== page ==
I will never forget standing in steamy French Guiana on 25 December last year as the James Webb Space Telescope (JWST) lifted into the sky on the Ariane 5 rocket. A fortnight later, I watched as the final wing of the telescope’s 18-segment primary mirror, the largest mirror ever built for space, seamlessly expanded into its fully deployed form. And months on, I looked — through teary eyes — at JWST’s first images. I was one of the first people on Earth to see the infrared Universe in high resolution.
For more than six years I have had a front-row seat for NASA’s science programme. Now it is time to give my seat to someone else.
Leading NASA’s Science Mission Directorate has been the job I’ve loved most. Nowhere is there a role that offers more exciting missions or has more potential to affect how we understand the Universe and the world we live in. It was a very difficult decision to resign. But I believe it is the best decision for the agency, for the collaborators, educators and trainees in the NASA science community, and for me.
JWST’s best images: spectacular stars and spiralling galaxies
The past year has been one of the most exciting in the history of NASA science. The JWST has been more successful than anyone could have imagined. Astronomers have been dreaming of such a telescope since 1989, and still it defied expectations, with breathtaking images of star nurseries and the most distant galaxies ever seen. In the five months since the release of its first images, JWST has already started to upend theories of galaxy evolution, changed our understanding of the rate of star formation during the Universe’s infancy, and captured the first evidence of carbon dioxide in the atmosphere of an exoplanet.
NASA is midway through launching almost a dozen Earth-science missions focused on understanding our life-enabling planet — including a billion-dollar satellite to track the global water cycle in unprecedented detail — and is starting work on the next-generation observatory of the Earth system. We have the world’s largest programme devoted to Earth science in space, and for several years now the US government has invested close to US$2 billion annually in Earth science at NASA; it is currently considering increasing that to at least $2.4 billion. (This budget does not include the work NASA does for the US government in building weather- and space-weather-forecasting systems.) We are on our way back to the Moon with the launch of the Artemis programme and looking ahead to sending people to Mars. And, in humanity’s first planetary-defence test in September, scientists intentionally smashed the DART spacecraft into an asteroid and redirected its orbit.
As NASA’s longest continually serving associate administrator of science, I have been part of incredible missions. Twice I have experienced seven minutes of terror — first when the robotic geologist Insight made its descent to the surface of Mars, then again when the Perseverance rover did the same — with both a success and failure speech in my bag. And I held my breath during our extraterrestrial ‘Wright brothers’ moment, when the team made the first controlled flight in an atmosphere other than Earth’s and flew the helicopter Ingenuity on Mars.
As much as I have enjoyed this, every leader has weaknesses. Over time, their weaknesses weigh more heavily on an organization and it becomes time for someone with fresh ideas to step in. So, when was it time for me to step aside?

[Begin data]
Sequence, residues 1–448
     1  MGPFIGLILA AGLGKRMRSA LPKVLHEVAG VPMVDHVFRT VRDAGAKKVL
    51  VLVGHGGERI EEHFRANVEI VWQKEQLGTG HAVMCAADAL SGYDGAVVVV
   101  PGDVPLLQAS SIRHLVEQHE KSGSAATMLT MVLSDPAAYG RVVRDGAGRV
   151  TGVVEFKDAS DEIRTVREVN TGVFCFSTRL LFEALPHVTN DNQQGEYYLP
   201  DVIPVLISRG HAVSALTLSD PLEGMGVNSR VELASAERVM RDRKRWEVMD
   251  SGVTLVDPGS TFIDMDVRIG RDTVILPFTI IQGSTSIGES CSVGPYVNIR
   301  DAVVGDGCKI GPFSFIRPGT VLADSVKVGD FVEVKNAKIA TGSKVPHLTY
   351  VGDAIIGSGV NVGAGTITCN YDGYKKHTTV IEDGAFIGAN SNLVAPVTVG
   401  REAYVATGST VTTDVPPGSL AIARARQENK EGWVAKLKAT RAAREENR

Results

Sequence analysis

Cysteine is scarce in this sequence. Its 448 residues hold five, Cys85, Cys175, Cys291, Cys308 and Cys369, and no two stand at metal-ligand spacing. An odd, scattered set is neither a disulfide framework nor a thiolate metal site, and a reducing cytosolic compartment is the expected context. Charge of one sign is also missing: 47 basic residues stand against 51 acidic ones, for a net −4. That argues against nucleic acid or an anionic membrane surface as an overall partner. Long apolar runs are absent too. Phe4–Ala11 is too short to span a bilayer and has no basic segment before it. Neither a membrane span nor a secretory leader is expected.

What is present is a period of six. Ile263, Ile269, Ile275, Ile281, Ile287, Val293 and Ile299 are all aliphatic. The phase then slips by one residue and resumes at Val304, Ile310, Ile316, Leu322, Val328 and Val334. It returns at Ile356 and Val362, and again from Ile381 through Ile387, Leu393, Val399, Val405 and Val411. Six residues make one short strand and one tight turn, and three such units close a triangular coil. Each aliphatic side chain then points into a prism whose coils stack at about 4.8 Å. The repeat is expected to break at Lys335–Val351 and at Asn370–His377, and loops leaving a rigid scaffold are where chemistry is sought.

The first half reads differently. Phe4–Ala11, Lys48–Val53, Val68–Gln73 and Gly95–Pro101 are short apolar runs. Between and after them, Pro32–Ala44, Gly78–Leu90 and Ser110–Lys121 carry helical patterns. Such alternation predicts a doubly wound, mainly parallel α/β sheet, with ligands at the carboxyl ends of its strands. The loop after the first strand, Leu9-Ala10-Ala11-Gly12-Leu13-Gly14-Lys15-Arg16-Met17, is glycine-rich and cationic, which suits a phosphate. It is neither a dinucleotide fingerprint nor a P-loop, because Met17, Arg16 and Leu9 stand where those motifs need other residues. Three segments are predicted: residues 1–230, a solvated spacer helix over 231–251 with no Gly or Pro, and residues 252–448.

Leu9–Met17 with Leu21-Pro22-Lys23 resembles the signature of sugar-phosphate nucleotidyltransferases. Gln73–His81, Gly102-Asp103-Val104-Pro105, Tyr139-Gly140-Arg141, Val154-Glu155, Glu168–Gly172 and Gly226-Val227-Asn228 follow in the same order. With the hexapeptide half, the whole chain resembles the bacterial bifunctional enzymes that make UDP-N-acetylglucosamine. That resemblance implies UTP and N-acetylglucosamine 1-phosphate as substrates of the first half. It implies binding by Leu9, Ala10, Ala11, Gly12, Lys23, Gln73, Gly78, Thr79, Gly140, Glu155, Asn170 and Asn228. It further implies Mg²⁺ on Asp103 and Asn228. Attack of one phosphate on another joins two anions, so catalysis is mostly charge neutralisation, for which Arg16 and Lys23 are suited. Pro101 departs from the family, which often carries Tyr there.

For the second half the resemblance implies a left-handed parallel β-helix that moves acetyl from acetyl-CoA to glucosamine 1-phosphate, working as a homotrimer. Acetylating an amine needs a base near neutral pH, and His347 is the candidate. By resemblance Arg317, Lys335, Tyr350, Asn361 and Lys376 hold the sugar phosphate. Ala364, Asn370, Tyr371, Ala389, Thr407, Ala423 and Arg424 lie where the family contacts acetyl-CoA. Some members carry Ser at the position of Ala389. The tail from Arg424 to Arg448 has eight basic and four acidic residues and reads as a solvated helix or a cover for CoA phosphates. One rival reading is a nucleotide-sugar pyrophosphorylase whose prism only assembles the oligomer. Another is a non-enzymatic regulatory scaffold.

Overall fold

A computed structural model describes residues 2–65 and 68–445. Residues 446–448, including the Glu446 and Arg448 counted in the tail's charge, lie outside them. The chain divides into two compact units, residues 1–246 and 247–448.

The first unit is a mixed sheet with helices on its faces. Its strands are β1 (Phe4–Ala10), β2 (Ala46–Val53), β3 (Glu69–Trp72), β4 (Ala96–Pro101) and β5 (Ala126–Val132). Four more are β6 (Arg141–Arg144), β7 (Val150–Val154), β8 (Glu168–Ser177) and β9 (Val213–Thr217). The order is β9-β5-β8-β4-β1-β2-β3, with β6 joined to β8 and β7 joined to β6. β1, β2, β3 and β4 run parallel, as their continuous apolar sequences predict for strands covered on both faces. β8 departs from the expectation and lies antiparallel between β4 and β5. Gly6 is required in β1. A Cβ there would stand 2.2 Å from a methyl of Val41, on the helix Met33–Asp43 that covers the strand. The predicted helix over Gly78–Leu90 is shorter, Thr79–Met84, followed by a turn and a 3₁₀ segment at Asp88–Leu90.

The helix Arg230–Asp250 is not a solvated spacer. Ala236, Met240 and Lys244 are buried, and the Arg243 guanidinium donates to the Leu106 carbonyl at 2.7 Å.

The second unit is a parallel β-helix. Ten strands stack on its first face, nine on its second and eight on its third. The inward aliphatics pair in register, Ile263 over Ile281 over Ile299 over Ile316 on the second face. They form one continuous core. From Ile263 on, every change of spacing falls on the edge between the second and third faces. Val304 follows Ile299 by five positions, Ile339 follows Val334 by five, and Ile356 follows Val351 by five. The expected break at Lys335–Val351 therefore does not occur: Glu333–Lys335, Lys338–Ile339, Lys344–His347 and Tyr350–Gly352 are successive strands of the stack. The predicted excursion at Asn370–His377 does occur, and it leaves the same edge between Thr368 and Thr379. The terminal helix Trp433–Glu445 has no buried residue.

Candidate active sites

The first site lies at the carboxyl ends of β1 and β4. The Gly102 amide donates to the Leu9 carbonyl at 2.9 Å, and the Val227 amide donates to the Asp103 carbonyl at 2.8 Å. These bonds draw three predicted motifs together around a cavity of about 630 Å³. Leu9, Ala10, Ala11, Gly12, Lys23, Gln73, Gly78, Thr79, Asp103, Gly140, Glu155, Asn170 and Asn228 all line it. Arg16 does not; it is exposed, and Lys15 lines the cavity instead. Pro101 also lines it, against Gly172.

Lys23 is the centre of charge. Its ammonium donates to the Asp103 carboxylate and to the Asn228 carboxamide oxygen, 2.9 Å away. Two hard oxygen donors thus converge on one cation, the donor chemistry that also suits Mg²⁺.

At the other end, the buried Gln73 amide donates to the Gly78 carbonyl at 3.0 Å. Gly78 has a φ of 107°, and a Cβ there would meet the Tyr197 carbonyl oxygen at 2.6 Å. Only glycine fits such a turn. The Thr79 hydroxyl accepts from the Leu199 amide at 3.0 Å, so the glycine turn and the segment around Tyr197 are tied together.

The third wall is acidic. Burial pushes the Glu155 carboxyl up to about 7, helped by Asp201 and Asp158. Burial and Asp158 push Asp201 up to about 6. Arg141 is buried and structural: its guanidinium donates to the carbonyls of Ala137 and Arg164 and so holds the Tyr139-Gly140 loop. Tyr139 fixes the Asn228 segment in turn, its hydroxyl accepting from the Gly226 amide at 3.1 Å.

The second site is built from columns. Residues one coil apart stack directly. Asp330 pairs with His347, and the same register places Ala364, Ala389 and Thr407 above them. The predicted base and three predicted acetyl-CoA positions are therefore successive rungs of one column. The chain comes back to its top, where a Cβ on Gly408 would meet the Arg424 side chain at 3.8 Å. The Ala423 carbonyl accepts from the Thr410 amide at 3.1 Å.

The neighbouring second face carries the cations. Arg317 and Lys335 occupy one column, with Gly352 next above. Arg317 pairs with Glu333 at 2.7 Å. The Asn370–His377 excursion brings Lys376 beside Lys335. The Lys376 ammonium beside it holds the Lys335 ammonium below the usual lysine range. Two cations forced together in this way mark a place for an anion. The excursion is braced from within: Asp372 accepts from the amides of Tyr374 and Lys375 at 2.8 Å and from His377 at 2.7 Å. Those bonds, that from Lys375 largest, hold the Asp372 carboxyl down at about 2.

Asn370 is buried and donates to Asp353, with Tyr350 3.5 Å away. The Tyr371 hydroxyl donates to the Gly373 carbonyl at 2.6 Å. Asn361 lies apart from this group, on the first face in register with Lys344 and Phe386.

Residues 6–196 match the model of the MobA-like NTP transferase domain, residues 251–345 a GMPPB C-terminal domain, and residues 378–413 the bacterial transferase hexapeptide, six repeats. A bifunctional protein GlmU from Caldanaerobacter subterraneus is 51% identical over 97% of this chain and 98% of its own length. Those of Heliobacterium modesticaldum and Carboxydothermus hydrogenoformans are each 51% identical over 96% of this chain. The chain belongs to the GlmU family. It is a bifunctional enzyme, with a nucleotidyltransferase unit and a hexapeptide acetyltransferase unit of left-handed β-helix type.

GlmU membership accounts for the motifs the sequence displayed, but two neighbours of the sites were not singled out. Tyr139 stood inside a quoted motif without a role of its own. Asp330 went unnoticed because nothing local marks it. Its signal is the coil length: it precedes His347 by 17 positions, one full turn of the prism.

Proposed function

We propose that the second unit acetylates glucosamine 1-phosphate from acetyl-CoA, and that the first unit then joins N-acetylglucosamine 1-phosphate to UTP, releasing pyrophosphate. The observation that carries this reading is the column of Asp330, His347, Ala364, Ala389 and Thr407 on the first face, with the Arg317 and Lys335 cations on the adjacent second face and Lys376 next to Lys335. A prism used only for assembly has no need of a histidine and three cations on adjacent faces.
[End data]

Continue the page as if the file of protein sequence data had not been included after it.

Fifty years after astronauts left the Moon, they are going back. Why?
I started by asking myself: was I still learning a lot? And was I still getting better? By ‘better’, I don’t mean approaching perfection or never making mistakes. To me, getting better means enabling breakthrough innovation and making the organization qualitatively and quantitatively stronger. When I could no longer answer ‘yes’ to those two questions, I knew it was time for a transition.
Finding the right time to leave was important not just for me, but also for NASA. I wanted to leave at a time when I was confident in the strength of the organization. An organization is at its most vulnerable during transitions, even if the change stands to invigorate it in the long term. At a US government agency, many transitions tend to happen as a result of the election cycle. As a result, it was important for me to step down well ahead of any such time to avoid stacking major changeovers on top of each other. To prepare for such a transition, succession planning is key. We want to give future leaders the time to learn to lead well before we need them to take over.
Since my resignation announcement in September, I have asked myself every day how I can leave NASA science with a strong foundation. This means talking to my colleagues and leaders at NASA, making sure everyone understands the organization, and trying to foresee potential bumps and empower my colleagues to handle them. I have also tried to solve residual problems, so I don’t hand them over to whoever takes over from me. During the past few months, I have been sharing knowledge I have gained and handing over key partnerships to those who will be filling in, while helping to recruit amazing and diverse candidates for my job.
So, what’s next? Until I turn my badge in on New Year’s Eve, I am running full force towards the cliff edge. Then I will take a break. I have bought a season ski pass for Utah, and I fully intend to spend time with my family and friends before deciding on the next chapter in my life. I am excited about taking a back seat and seeing what NASA science continues to achieve for humanity. This is a job that I will surely miss, one that I tried to do to the best of my ability as a scientist and service-driven leader — from start to finish.